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User Reviews

 
An incisive satire on social mores and class hypocracy
11 May 2004 | by ilpositionokbSee all my reviews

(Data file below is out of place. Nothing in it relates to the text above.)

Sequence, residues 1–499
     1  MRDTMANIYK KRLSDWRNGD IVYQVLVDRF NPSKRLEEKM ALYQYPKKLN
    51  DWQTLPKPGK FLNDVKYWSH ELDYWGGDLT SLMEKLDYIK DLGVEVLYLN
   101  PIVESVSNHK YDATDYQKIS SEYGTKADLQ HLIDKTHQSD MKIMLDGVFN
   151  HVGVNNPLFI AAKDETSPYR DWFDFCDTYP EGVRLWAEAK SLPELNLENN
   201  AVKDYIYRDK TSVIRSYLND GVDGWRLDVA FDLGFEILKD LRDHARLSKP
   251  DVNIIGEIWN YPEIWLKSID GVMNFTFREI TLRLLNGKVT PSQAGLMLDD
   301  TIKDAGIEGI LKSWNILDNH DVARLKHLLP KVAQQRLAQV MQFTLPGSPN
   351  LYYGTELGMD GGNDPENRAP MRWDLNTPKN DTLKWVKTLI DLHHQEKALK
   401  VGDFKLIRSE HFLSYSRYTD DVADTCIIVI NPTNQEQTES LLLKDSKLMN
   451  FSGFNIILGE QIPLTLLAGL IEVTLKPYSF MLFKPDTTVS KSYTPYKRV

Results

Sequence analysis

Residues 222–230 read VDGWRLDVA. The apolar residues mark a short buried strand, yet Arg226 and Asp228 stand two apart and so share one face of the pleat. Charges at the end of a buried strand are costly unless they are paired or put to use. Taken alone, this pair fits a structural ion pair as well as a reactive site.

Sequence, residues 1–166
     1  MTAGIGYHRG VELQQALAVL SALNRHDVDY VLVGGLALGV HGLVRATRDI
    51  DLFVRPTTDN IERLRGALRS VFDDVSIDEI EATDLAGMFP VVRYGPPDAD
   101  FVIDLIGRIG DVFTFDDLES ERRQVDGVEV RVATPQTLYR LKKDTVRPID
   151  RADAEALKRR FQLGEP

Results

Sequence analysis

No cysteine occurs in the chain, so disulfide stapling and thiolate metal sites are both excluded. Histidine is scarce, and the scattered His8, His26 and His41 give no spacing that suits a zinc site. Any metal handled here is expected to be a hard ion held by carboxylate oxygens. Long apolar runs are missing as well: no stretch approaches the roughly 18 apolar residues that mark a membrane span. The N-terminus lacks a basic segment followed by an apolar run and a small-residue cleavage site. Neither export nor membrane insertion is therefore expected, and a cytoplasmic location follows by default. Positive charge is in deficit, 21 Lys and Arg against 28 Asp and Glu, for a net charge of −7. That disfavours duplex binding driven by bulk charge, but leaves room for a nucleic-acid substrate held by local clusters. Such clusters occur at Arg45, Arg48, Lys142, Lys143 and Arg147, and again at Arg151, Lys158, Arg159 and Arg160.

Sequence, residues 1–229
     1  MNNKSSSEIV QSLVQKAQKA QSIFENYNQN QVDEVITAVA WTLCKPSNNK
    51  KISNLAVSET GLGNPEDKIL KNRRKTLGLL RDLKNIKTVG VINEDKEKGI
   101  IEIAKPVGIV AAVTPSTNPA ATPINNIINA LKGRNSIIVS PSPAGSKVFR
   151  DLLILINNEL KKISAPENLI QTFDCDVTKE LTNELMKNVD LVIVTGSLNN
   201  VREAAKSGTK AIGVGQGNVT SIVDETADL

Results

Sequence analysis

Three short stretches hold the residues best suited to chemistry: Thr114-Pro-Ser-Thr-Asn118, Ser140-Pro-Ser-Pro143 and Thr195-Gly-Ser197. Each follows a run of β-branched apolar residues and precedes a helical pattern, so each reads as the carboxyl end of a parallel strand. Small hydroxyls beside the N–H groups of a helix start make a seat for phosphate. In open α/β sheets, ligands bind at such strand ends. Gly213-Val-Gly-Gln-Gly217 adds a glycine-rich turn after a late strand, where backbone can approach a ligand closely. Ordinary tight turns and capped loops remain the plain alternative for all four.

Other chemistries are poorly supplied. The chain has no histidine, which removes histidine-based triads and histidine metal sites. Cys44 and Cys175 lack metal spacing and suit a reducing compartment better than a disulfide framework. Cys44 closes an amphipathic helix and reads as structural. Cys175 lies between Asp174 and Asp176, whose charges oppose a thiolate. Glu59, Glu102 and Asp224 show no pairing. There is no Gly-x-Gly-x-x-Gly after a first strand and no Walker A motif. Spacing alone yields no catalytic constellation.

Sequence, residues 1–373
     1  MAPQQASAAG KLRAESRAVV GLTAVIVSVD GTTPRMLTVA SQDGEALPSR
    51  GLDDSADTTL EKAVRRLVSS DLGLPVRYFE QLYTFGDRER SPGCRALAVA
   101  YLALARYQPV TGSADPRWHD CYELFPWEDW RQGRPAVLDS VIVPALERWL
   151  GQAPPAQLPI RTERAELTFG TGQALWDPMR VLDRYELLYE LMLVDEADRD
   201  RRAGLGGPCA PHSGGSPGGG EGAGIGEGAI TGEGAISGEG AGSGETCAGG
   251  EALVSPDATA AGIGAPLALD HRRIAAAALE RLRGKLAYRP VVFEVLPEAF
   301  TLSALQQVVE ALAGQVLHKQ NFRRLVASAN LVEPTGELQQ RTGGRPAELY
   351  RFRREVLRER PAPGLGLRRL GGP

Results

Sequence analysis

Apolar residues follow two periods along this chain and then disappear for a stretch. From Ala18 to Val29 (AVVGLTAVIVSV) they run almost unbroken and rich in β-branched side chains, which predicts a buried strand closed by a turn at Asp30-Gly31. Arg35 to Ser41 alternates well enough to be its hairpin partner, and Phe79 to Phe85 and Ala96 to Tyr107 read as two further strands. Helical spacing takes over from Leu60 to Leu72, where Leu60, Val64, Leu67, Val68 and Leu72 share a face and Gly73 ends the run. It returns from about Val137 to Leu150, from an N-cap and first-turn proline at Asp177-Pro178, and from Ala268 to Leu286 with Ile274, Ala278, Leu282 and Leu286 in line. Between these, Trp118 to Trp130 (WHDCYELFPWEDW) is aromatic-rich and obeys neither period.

"The Discreet Charm of the Bourgeoisie", a leisurely paced, incisive satire on social mores and class hypocrisy, opens with a group of friends arriving on the wrong day of a dinner engagement. this is only the begining of a succession of unexpected and unusual events to follow. The dinner party is the movie's main setting and it is there that reality and illusion often times blend imperceptibly together. The film is structured as a series of surreal sequences, which prompted esteemed film critic Pauline Kael to opine 'His(Director Louis Bunuel) indifference to dramatic logic is complete.' And how. Bunuel's narrative plays an elaborate game with the viewer through it's subconscious imagery and audacious use of time. His tendency to experiment with technique and form often times led to discovery and innovation. The cinema of Louis Bunuel invariably deals with the discrepancy between appearance and reality; decorum and desire. His world view was subversive and anarchistic. He was a cheerful pessimist, skeptical but not susceptible to Bergmanian despair. His skepticism extended to all of those he found playing too neat a social game. The filmmaker's career was one sustained assault on authoritarianism. Witness an indiscreet character in the film who claims: 'No one system can help the masses acquire refinement.' He believed man was, unconsciously, a slave to custom and aimed to shock viewers out of their unthinking acceptance of established values. "The Discreet Charm of the Bourgeoisie"(An Academy Award winner in 1972 for Best Foreign Film) is a boldly inventive picture. Dozens of frames are filled with clever filmic devices: environmental noises increase inordinately during routine conversations; an ambiguous procession is inserted freely within the text. These cinematic ploys add intrigue to the already peculiar goings-on. The walk by the main group of characters along a country roadside is mysterious and compelling. The players are noticeably silent and contemplative. Is this an anxious dream? The afterlife? An insignificant flashback? Whichever, the recurring sequence underscores the obliqueness and cool obscurity of the film. One might not identify closely with the disenchanted Bunuelian sensibility or the unsentimental stance he takes, however one knows immediately and unmistakably that they are in the gifted hands of a film technician like a Godard or Kurosawa. A director in complete control of his medium. A highly personal filmmaker frequently referred as 'a poet of hallucination who follows the caprices of his fantastical imagination.' Someone whose fanciful paths of creation were invariably led by the irrational. "The Discreet Charm of the Bourgeoisie", with it's arresting mixture of calculation and carelessness, remains a unique and influential movie. The acerbic films of Robert Altman and the perverse mischievousness of the Coen brothers films, to mention but a few, pay a large debt to the strange universe and unconventional perspective of Louis Bunuel. Film lovers uninitiated in surrealist cinema will find "The Discreet Charm of the Bourgeoisie" an alluring and beguiling crash course.